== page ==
Wood, J., Zeffane, R., Fromholtz, M., Wiesner, R., Morrison, R., Factor, A., McKeown, T. (2015). Organisational Behaviour: Core Concepts and Applications, 4th Edition, Wiley ISBN-9780730314714

    Chapter 8: Organisational Structure and Design

    Chapter 9: Organisational Culture

    Additional Reading:

    2)    Book Chapter:
    Robbins T & Judge T (2008) Foundations of Organizational structure, in Essentials of Organizational Behaviour, 9th edition, 229-246, Prentice Hall New Jersey

    3)    Article:
    Flynn D (2015) Building a better model: A novel approach for mapping organisational and functional structure, Procedia Computer Science, 44, 194-203

    4)    Article:
    Mohelska H & Sokolova M (2014) Organisational culture and leadership- joint vessels? Procedia, Social and Behavioural Sciences, 171, 1011-1016

    5)    Article:
    Olson E (2007) Common belief, contested meanings: development and faith based organisational culture, Royal Dutch Geographical Society KNAG, 99 (4) 393-405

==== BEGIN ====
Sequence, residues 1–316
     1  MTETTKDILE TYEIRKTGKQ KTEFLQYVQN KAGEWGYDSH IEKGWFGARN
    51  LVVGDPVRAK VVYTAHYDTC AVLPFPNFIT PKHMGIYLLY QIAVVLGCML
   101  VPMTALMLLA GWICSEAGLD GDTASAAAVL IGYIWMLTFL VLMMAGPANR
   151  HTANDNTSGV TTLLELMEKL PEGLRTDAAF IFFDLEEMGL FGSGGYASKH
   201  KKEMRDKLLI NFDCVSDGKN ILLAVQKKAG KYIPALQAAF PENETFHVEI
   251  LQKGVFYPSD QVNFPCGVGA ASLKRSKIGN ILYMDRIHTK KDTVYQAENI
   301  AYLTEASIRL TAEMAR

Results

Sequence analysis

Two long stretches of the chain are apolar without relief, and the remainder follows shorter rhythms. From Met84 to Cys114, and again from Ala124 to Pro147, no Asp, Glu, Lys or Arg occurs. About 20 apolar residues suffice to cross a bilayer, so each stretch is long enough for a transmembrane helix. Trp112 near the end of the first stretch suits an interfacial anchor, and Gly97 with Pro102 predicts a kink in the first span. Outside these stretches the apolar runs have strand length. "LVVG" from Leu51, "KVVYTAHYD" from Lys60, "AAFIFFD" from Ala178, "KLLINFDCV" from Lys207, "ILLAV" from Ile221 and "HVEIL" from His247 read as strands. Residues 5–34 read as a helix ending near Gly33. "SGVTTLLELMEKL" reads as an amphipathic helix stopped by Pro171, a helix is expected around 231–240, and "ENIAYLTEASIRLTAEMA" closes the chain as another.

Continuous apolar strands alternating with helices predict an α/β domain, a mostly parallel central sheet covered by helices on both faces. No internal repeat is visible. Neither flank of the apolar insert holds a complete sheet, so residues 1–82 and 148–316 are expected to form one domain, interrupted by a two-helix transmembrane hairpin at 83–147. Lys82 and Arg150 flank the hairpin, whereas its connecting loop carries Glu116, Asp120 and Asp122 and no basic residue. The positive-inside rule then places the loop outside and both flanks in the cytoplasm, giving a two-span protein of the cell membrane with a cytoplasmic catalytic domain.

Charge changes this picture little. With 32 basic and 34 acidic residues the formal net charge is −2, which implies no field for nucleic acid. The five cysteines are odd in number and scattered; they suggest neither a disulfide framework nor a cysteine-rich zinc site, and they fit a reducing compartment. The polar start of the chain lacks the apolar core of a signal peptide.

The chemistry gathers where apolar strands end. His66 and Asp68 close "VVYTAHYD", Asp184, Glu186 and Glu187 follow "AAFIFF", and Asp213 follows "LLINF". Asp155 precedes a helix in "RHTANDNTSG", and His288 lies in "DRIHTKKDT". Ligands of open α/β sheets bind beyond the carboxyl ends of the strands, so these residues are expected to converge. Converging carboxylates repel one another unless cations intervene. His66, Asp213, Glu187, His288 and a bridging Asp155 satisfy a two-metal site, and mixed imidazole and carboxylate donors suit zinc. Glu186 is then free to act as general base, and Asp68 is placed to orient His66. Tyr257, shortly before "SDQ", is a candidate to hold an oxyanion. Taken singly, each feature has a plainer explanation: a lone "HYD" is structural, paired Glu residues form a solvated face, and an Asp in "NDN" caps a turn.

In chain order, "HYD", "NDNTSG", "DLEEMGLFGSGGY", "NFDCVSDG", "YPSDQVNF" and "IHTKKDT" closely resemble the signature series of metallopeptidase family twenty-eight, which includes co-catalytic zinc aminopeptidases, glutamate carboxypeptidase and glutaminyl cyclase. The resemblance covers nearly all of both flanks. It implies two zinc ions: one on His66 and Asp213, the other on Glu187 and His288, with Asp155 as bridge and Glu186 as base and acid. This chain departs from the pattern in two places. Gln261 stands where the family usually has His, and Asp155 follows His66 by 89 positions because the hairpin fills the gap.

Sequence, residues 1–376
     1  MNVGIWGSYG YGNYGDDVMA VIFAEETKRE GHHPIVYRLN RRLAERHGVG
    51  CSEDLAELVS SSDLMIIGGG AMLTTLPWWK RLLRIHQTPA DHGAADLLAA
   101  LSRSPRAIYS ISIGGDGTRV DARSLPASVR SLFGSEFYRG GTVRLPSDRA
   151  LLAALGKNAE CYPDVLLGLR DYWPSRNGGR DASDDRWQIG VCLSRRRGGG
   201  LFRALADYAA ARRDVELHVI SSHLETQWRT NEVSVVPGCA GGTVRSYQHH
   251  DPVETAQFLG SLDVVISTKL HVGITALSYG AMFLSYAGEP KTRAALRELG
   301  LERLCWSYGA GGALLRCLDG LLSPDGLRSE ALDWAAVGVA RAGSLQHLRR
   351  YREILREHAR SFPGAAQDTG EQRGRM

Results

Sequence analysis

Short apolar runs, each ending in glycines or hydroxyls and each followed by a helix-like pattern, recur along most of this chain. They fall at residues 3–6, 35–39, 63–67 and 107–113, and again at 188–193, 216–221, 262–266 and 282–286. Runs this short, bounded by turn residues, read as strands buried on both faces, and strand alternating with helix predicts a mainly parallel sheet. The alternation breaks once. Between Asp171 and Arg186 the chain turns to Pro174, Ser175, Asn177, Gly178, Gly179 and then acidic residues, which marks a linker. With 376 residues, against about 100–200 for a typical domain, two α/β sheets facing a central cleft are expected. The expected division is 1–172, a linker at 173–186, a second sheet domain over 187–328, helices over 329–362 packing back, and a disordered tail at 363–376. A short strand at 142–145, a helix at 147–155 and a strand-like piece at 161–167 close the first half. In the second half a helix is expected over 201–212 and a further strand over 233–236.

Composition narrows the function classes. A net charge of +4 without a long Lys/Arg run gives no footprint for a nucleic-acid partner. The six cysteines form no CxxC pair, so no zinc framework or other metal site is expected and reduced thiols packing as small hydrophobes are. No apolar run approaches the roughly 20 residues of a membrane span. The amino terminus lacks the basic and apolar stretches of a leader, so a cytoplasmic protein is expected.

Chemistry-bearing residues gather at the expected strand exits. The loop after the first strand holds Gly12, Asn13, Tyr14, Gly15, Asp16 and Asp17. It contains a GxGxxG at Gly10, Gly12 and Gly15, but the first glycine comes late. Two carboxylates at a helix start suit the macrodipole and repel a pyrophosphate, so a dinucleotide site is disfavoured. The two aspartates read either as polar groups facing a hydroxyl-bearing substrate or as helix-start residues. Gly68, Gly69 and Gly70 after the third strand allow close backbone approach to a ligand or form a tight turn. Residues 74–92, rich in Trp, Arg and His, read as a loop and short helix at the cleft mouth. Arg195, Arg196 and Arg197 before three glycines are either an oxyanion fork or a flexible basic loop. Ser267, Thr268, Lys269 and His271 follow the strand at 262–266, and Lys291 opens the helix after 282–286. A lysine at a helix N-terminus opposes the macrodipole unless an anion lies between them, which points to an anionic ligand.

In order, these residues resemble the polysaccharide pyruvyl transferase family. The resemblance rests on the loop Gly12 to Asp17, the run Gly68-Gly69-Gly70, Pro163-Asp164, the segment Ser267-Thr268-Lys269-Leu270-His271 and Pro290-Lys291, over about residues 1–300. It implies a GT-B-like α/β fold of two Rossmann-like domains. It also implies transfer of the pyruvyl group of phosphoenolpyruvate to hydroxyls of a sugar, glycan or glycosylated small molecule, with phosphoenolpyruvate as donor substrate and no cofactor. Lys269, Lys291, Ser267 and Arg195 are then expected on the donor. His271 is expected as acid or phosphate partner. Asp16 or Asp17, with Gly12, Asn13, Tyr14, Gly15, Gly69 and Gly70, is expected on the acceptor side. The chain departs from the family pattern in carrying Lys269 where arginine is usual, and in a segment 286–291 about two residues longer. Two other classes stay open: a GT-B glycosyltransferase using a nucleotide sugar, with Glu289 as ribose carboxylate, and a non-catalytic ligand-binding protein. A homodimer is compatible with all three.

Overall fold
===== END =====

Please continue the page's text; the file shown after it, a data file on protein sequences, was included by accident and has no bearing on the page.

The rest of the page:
WEEK 9: Tuesday 19/07/2016 (9am – 12pm)
    Power, Politics and Influence in Organisations


    Required Reading:

    1)    Text:
    Wood, J., Zeffane, R., Fromholtz, M., Wiesner, R., Morrison, R., Factor, A., McKeown, T. (2015). Organisational Behaviour: Core Concepts and Applications, 4th Edition, Wiley ISBN-9780730314714

    Chapter 10: Power, Politics and Influence in Organisations

    Additional Reading:

    2)    Article:
    Heimans J & Timms H (2014) Understanding “new power” Harvard Business Review December 2014, 48-56

    3)    Article:
    Kelly C (2015) Managing the relationship between knowledge and power in organisations, Aslib proceedings: New Information Perspectives, 59 (2) 125-138


    WEEK 10:
    Week beginning 25/07/2016 - ONLINE
    Leadership and Decision Making

    Required Reading:

    1)    Text: